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tivated wilderness; and shall we suffer them to fall a prey to the most faithless of enemies? We have unfurled the Messiah’s banner in the remotest parts of the earth; and shall we suffer the bloody flag of persecution to usurp its place? We have planted the blessed Gospel here; and shall we suffer heathen error to return where the glad tidings of salvation have once been preached?

No, countrymen! I know your souls disdain the very thought of such a conduct; and you would rather suffer ten thousand deaths (were so many possible) than be guilty of that which would entail infamy on yourselves, and ruin on your latest posterity.

Your readiness to join in the measures concerted for your safety, and to strike a decisive blow against the enemy, may much determine your future happiness and safety as a people; and I may well trust, when so much is at stake, you will not be backward in offering your service for a few months, under a General of humanity, experience, and every amiable accomplishment. I hope even to hear that our women will become advocates in such a cause, and entitle themselves to all the applauses so long ago paid to their Spartan predecessors!

I would not now wound you, with a disagreeable recapitulation of our past misconduct and fatal indolence, especially in these southern colonies. Many a time has it been in our power to crush out this dangerous war with a single tread of our foot, before it blazed up to its present height—But this we sadly neglected; and, perhaps, the all-wise disposer of events meant to shew us that, when our affairs were at the worst, he was mighty to save.

Never was the protestant cause in a more desperate situation, than towards the close of last campaign. The great and heroic king of Prussia stood ready to be swallowed up of the multitude of his enemies. The British nation was torn to pieces by intestine divisions; its helm continually shifting hands; too many bent on 'sordid views of self-interest; too few regarding the public good; Minorca lost; Hanover over-run; our secret expeditions ending in disgrace; our forts in America destroyed; our people captivated or inhumanly murdered, and our fleets dispersed and shattered before the winds.

Yet even then, when no human eye could look for safety, the Lord interposed for the Protestant Religi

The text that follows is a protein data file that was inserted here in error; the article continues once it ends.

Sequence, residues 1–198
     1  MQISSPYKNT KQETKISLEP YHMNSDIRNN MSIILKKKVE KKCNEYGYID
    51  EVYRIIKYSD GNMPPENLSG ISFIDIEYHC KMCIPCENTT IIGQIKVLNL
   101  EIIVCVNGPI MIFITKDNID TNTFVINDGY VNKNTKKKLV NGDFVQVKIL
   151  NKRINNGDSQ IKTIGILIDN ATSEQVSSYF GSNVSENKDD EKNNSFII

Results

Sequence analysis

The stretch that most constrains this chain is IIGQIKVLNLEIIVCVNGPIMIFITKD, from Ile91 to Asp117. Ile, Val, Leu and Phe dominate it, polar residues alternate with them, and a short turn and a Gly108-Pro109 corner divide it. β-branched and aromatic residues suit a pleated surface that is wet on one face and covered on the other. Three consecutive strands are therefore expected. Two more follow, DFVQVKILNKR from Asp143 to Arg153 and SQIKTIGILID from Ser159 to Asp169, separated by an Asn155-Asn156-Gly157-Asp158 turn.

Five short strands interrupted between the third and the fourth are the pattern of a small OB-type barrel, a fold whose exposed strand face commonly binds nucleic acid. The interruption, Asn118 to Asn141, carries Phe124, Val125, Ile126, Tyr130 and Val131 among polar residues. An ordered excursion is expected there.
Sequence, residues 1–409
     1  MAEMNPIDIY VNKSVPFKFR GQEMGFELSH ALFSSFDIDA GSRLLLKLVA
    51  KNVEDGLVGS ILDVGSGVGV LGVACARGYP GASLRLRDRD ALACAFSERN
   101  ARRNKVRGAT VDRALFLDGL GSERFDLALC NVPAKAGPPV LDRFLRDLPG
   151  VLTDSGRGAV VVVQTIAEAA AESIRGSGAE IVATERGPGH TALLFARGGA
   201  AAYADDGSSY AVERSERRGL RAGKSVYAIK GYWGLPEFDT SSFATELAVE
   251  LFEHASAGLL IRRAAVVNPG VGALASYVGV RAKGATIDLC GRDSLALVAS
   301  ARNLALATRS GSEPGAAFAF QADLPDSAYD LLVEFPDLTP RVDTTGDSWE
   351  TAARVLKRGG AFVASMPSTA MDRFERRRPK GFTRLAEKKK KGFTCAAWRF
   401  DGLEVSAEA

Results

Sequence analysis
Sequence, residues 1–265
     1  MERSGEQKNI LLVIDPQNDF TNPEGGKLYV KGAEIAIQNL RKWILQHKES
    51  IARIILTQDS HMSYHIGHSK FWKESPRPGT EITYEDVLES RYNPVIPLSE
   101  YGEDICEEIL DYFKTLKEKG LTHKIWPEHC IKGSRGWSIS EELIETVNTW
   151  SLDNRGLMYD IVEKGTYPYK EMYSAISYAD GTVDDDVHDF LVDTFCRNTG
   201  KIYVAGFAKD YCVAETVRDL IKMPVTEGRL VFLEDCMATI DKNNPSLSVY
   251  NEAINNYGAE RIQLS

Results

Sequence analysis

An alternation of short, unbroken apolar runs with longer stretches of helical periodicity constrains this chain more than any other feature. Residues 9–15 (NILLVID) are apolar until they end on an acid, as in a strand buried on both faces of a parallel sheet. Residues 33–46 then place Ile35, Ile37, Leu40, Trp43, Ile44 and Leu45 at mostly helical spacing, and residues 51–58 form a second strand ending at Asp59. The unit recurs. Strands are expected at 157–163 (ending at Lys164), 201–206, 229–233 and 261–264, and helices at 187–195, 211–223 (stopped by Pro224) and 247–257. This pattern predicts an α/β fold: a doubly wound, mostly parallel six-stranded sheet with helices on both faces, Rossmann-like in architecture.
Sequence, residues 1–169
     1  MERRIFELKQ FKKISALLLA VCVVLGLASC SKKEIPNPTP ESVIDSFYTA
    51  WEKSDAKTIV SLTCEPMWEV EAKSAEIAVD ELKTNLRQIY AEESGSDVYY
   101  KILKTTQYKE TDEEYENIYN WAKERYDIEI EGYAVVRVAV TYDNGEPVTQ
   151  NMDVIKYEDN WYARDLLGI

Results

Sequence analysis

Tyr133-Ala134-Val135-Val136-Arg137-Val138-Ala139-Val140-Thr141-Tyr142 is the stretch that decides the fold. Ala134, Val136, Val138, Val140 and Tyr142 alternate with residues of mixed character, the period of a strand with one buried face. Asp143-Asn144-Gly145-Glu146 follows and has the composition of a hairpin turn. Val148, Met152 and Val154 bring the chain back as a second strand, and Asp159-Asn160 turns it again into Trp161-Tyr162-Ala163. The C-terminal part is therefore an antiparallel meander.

In the short space of two months, the king of Prussia extricated himself from his difficulties, in a manner that astonished all Europe, and will continue to be the admiration of ages to come! And had we only done our part in America at that time, the pride of France would have been effectually humbled, and we should probably now have been rejoicing in an honourable peace.

But as that was not the case, the nation, in concert with the king of Prussia and other protestant powers, has been obliged to make one grand push more for the general cause in the present campaign; and if that is unsuccessful, God knows what will become of our liberties and properties. This we may lay down as a certain truth, that the expense of the present war is far too great to be borne long by the

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powers concerned in it. The British nation is labouring under a heavy load of taxes. These colonies are likewise drained to the utmost, and sinking under the burden, as we all feel. Peace, then, of some kind or other, must be a desirable event; and upon our success this campaign it may depend, whether we shall dictate a peace to the French, or they

Should the latter be the case, (which God forbid !) it would be a fatal peace to us.

Rise then, my countrymen! as you value the blessings you enjoy, and dread the evils that hang over you, rise and shew yourselves worthy of the name of Britons! rise to secure to your posterity, peace, freedom, and a pure religion! rise to chastize a perfidious nation for their breach of treaties, their detestable cruelties, and their horrid' murders! remember the cries of your captivated brethren, your orphan chil dren, your helpless widows, and thousands of beggared families! Think of Monongahela, Fort William Henry, and those scenes of savage death, where the mangled limbs of your fellow citizens lie strewed upon the plain; calling upon you to retrieve the honour of the British name!

Thus animated and roused, and thus putting your confidence, where alone it can be put, let us go forth in humble boldness; and the Lord do what seemeth

him good!

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A FEW passages in the former editions of the following Sermon, that related merely to those at whose desire it was delivered, are now entirely left out, as having no immediate connection with the main subject, or the design of the present publication.

ON

PUBLIC OCCASIONS.

SERMON I.

AN EARNEST EXHORTATION TO RELIGION, BROTHERLY LOVE,

AND PUBLIC SPIRIT, IN THE PRESENT DANGEROUS STATE OF AFFAIRS : PREACHED IN CIRIST-CHURCH, PHILADELPHIA; ON THE ANNIVERSARY OF ST. JOHN THE BAPTIST, JUNE 24, 1755.

1. PETER, ii. 17.

LOVE THE BROTHERHOOD; FEAR GOD; HONOUR THE KING.

To contain rules of conduct levelled to every capacity, and fitted to the circumstances of men, in all their various relations and exigencies, is an excellence peculiar only to God's holy word. In the text, and verses preceding, the apostle has the following noble exhortation

“ Wherefore, says he, laying aside all malice, and all guile, and hypocrisies, and envies, and all evil speakings; be ye as lively stones, built up a spiritual house; free and not using your liberty as a cloak of maliciousness. Love the brotherhood; fear God; bonour the king*.”

Ver. 1, 5, 16, 17.

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